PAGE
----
CPAs need to be aware of current developments in key states in order to properly advise companies doing business in multiple jurisdictions. This article will examine recent tax developments in California, Ohio, and Tennessee.

California Rules in Favor of Taxpayer Not “Doing Business”

On January 12, 2017, the California Appellate Court reaf-firmed the judgment of Swart Enterprises, Inc. v. California Franchise Tax Board (Cal. Super. Ct., Nov. 14, 2014). In Swart, the court held that an out-of-state corporation was not “doing business” in California and was therefore not subject to California’s franchise tax. Swart Enterprises, Inc., headquartered and incorporated in Iowa, operated in Kansas and had no property or employees in California. Swart’s sole connection with California was its 0.2% ownership interest in a California-based LLC, Cypress Equipment Fund XII, LLC, with no right of control over the business affairs of Cypress.

The California Franchise Tax Board (FTB) argued that Swart was doing business in California and therefore subject to California’s franchise tax because Cypress was doing business in California, as the activities of a partnership can be attributed to a general partner. The FTB and the California Attorney General also argued that a foreign business entity should be considered to be doing business in California using a broad interpretation that would include Swart’s passive investment. In addition, the FTB argued that when an LLC elects to be treated as a partnership for federal income tax purposes, all members of the LLC must be treated as general partners.

The court rejected the FTB’s position and held that Swart’s passive 0.2% interest was not sufficient to conclude that Swart was doing business in California. The court also held that there is no authority under either California or federal law to support the claim that members of an LLC treated as a partnership for federal income tax purposes should be treated as general partners. The court further stated that “this interest closely resembles that of a limited, rather than a general, partnership” for the following reasons: 1) Swart had no interest in the particular property of Cypress LLC; 2) it was not personally liable for the obligation of Cypress LLC; 3) it had no right to act on behalf of or to bind Cypress LLC; and 4) it had no ability to participate in the management or control of Cypress LLC. In February 2017, the FTB issued Notice 2017-01 announcing that it would not appeal Swart and would follow the court’s decision in situations with the same facts.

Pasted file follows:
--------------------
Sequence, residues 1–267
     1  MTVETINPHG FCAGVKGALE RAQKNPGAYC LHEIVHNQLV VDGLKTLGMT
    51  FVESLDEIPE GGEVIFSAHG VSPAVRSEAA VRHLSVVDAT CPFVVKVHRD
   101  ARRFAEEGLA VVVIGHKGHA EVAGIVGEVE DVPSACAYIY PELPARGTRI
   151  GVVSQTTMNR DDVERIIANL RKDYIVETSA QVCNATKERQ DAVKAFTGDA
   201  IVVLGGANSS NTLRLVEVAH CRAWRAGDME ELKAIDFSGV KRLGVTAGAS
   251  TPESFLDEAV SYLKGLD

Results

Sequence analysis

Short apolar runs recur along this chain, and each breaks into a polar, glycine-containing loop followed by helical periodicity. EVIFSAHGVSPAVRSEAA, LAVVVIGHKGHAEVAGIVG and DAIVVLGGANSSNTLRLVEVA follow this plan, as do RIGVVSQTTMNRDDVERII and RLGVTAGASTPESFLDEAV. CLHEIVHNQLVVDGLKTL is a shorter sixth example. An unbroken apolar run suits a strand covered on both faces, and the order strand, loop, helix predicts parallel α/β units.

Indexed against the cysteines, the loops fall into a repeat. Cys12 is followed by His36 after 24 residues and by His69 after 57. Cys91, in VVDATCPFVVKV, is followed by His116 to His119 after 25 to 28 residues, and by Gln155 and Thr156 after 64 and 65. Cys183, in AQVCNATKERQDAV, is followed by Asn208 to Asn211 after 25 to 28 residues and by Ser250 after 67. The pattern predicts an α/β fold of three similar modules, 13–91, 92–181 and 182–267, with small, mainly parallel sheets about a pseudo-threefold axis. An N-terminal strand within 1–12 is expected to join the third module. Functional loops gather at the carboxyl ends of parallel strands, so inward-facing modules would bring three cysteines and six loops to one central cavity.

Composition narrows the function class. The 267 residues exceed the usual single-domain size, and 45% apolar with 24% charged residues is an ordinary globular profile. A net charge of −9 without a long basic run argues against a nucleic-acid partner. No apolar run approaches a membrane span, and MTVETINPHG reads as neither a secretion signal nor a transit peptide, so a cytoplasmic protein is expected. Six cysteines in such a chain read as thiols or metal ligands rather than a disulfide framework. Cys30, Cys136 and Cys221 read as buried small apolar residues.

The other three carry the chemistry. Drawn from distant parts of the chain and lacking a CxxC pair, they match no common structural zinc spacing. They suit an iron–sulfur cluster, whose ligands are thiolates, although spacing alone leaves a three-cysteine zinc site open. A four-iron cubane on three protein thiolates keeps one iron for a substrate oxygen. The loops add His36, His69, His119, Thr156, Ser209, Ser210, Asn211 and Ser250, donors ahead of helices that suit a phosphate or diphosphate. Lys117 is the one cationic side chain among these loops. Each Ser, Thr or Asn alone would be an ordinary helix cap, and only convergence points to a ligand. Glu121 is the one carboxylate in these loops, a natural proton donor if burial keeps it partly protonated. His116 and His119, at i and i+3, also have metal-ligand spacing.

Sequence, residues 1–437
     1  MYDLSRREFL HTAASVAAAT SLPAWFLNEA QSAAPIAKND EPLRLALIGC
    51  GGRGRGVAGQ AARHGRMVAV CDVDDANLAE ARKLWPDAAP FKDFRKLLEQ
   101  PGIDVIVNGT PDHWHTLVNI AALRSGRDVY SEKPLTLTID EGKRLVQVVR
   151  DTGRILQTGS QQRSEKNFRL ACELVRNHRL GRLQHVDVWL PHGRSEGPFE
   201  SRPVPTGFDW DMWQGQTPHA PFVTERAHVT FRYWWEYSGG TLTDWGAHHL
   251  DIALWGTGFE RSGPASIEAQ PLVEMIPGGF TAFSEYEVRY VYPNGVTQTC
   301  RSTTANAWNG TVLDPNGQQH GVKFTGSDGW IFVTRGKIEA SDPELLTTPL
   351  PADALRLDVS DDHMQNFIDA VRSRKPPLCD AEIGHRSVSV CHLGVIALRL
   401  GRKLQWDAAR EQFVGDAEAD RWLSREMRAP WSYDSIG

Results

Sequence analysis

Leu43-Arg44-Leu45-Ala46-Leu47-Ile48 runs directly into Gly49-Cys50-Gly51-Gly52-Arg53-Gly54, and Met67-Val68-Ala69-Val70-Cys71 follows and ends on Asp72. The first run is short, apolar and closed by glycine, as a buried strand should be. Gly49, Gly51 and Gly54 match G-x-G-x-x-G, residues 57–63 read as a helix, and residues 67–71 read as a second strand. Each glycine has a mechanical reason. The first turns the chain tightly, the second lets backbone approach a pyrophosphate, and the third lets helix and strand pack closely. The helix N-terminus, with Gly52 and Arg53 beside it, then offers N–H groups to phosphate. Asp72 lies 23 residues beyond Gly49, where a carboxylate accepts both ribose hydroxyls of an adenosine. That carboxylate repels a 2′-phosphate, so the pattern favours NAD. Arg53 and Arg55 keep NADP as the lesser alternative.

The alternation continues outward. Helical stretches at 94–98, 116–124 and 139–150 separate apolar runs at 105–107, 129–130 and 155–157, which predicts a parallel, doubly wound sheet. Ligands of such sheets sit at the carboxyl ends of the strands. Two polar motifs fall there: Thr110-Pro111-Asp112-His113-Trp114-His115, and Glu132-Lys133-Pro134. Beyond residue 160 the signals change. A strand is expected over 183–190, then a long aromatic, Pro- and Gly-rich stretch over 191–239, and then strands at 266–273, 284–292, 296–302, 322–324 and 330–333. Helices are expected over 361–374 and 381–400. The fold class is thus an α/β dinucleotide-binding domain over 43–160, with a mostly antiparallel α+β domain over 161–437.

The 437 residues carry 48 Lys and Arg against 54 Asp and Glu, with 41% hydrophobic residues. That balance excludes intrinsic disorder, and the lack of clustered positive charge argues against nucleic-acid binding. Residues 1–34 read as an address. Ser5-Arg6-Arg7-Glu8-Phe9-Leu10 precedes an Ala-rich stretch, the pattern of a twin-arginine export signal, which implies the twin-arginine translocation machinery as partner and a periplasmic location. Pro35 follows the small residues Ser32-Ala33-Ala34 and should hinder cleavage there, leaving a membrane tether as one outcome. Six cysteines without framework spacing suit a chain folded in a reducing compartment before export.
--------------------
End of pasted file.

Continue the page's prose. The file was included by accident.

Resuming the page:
CPAs should be aware that the court held that a member’s passive ownership interest in an independently managed LLC where the member had no right to control the business affairs of the LLC does not constitute doing business in California for franchise tax purposes. Therefore, the member is not required to pay the minimum tax. CPAs may suggest that LLC members owning a passive interest in an LLC doing business in California file a refund claim.

As more and more businesses expand into new geographic areas without establishing a physical presence in those areas, state and local govern ments will come to see these enterpris es as a source of tax revenue.

Ohio Affirms Economic Nexus Presence

The Supreme Court of Ohio recently ruled that the commerce clause of the U.S. Constitution does not prevent Ohio from imposing its commercial activity tax (CAT) on Internet retailers and that the statutory $500,000 sales receipt threshold satisfies the commerce clause requirement of substantial nexus. The court decided a commerce clause challenge to the Ohio CAT brought by three out-of-state retailers with no physical presence in Ohio: Crutchfield, Inc., Newegg, Inc., and Mason Companies, Inc. Each retailer brought a separate challenge to the Ohio CAT on commerce clause grounds; the challenges were consolidated on appeal (see Crutchfield Corp. v. Testa, Slip Opinion No. 2016-Ohio-7760).

The challenge was rooted in the following background: In Complete Auto Transit, Inc. v. Brady [430 U.S. 274 (1977)], the U.S. Supreme Court established the rule that a state is precluded by the commerce clause from imposing a tax on any business that does not have “substantial nexus” with the state. In 1992, in Quill Corp. v. North Dakota [504 U.S. 298 (1992)], the Supreme Court ruled that the “substantial nexus” threshold established in Complete Auto Transit required a taxpayer to have physical presence in the taxing state to be subject to a sales/use tax.